Alex Gordon

RECAP: Break up the Royals

The difference between a game like what we get to observe when the Royals and non-Cleveland American League Central opponents get together and when Kansas City tries (and usually fails) to go toe-to-toe with the Tribe is that there is some actual fun to be had.

Oh, I’ll grant you that Cleveland’s run as (ironically?) the Golden State Warriors of the Central means that the target is on their back and that they’ll always get the best shot their outgunned opponent can give them, and it’s cute that occasionally one of these teams full of goobers will beat the Great and Powerful Indians. But the result is largely token, and only a simpleton would believe otherwise.

Now, Minnesota and Kansas City? That’s even footing. And Saturday’s show was another quality performance by the Royals, who won their first series since late May with a 4-2 decision against the Twins.

Both teams slapped up runs in the first inning. Twins leadoff hitter Joe Mauer doubled to get the game started and scored on an Eddie Rosario single, while a Jorge Bonifacio walk begat a Salvador Perez homer in the Royals half. Perez is hitting .303 over the last eight games, with three homers and 11 RBI. He’s heating up. The 2018 All-Star experience may not have been in vain.

The Royals added a run in the third, but oh what might have been. Alcides Escobar led off with a walk, then the lineup turned over with pop outs from Whit Merrifield and Bonifacio. Mike Moustakas and Perez then drew two-out walks to bring up Lucas Duda, who singled in a run and could be YOURS if the price is right! With the bags still full, Hunter Dozier worked the count full before grounding out to Mauer at first to end the inning.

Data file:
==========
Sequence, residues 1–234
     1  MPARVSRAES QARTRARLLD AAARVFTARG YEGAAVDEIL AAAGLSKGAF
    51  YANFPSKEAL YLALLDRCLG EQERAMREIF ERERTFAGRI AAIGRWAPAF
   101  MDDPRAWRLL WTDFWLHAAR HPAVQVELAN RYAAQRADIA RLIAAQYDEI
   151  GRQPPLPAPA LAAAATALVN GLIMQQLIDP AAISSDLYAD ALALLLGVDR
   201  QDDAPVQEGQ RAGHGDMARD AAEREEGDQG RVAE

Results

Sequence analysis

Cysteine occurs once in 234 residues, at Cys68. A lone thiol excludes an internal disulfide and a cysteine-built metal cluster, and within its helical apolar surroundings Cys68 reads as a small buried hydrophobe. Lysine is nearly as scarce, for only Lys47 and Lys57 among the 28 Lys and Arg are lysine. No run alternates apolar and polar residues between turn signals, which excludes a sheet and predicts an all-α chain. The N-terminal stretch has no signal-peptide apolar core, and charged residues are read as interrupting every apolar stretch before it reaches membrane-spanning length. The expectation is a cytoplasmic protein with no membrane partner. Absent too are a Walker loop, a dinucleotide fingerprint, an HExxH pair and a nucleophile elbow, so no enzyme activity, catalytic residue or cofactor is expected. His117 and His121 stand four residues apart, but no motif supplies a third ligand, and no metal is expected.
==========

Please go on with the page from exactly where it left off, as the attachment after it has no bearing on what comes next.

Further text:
With 18 days between appearances, Ned Yost used caution with young Master Junis and removed him after four innings and 77 pitches. Speaking of terrible pitch economy, Lance Lynn needed 118 pitches to get through five innings. During the broadcast, Whitey Herzog rolled through to spout some old-man “the game was better in my day” nonsense, but he may have been onto something about pitchers throwing too many pitches.

Brian Flynn replaced Junis and pitched three scoreless innings. Somehow, I seem to have missed that Brian Flynn turned into one of the more passable options in Ned Yost’s bullpen, but he clued me in tonight with three innings, four strikeouts and one lone hit allowed. Jason Adam—who surrendered a single to Rosario, balked him to second and then gave up a single to Eduardo Escobar to plate him—not so much, but Ned Yost removed him before too much damage could be done and Tim Hill got Jorge Polanco to bounce into the 4-6-3 double play to end the inning.

A one-run lead with [gestures] THIS bullpen is not a source of personal comfort for me or anyone else that watches this team on the regular. Which is why, fortunately, they were able to tack on another in the eighth. Alex Gordon and Rosell Herrera led off the frame with walks and moved up thanks to an Escobar sacrifice. Merrifield punched a single through the drawn-in infield to score Gordon—given that Bonifacio’s bouncer to third would nail Herrera at the plate three pitches later, he probably should’ve been waived home as well, especially since the throw from Rosario in left was a good 30 feet up the first base line.

Either way, it made it a 4-2 game and Wily Peralta got a chance to redeem himself after last night’s fiasco. Max Kepler ground out, Robbie Grossman ground out, Jake Cave strikeout = redemption.

Unusually Happy Tweet of the Game

The Bright Spot: Flynn, who got a Salvy Splash for his troubles. Also, shouts to Jorge Bonifacio—three walks from the two-spot.

The Nadir: Hunter Dozier was 0-for-4 on the night, is 1-for-8 on the series and 4-for-32 since July 6. He’s hitting .206, which is not what you’d prefer out of your DH.

The Next Step: Brad Keller has been solid since moving into the rotation and now he has a chance to secure a sweep (yes, teams are allowed to sweep other teams) when he toes the rubber against Jake Odorizzi and the Twins at 1:15 p.m. (CT), Sunday.

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